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Mosquito Propellant Ultralight whiz Armando Martinez at home in the skies of Hawai‘i
Vol.12, No. 3
June/July 2009

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  >>   La Mishpucha Tahitienne
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Flight of the Mosquito 

story by Derek Ferrar
photos by Sergio Goes

The first time I meet Armando Martinez, he’s picking up his airplane. I mean, literally lifting up the nose of the hang glider-like ultralight, which he lovingly calls “my little Mosquito,” and hauling it out of its hangar at Dillingham Field, a serene little airstrip on a remote stretch of O‘ahu’s North Shore.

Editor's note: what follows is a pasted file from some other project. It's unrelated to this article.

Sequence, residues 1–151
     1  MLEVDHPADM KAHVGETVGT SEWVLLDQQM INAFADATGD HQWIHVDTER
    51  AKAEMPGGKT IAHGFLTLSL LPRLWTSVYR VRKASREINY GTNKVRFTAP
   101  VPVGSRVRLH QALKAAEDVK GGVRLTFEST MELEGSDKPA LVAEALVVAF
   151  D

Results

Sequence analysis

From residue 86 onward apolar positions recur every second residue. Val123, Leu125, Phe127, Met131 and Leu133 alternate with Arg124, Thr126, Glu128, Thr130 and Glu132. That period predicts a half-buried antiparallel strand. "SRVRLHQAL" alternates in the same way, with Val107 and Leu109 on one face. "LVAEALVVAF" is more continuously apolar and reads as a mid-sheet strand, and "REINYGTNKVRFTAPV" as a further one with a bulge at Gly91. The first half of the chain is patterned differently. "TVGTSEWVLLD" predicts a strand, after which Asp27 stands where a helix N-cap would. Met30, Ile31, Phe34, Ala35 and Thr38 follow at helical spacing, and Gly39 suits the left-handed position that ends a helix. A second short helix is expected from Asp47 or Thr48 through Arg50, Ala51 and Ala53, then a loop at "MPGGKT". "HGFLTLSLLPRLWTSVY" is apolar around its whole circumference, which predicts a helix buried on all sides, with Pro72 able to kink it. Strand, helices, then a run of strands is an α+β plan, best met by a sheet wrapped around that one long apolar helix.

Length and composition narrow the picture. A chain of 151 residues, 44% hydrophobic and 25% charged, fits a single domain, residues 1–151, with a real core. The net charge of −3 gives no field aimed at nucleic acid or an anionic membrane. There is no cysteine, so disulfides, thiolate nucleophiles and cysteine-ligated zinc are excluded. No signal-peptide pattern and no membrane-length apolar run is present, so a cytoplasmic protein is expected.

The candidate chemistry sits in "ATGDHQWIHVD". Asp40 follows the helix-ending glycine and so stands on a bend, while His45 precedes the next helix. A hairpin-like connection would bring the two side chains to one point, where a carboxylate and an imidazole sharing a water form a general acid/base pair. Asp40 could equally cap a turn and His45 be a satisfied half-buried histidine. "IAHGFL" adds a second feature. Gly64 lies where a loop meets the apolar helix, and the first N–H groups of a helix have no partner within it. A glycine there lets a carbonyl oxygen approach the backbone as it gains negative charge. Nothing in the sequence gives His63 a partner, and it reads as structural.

Going through his preflight check, it’s obvious that Armando’s steamy love affair with his little Mosquito is the stuff of telenovelas. He adoringly sweeps his eyes over her every surface: the golden fabric of her wing, her svelte “trike” fuselage, her perky little motor, the curves of the twin propeller at her rear.

He makes it clear from the get-go that he is ready to lay down his life for her. “I have to tell you, people have been hurt flying the ultralights; some have died,” he says earnestly in his peculiar accent—think Desi Arnaz meets Sylvester the Cat. “I believe it is very safe. But if God is calling for me, then I can be in the safest place in world, and still I go to Him.”

So much for “Welcome aboard.”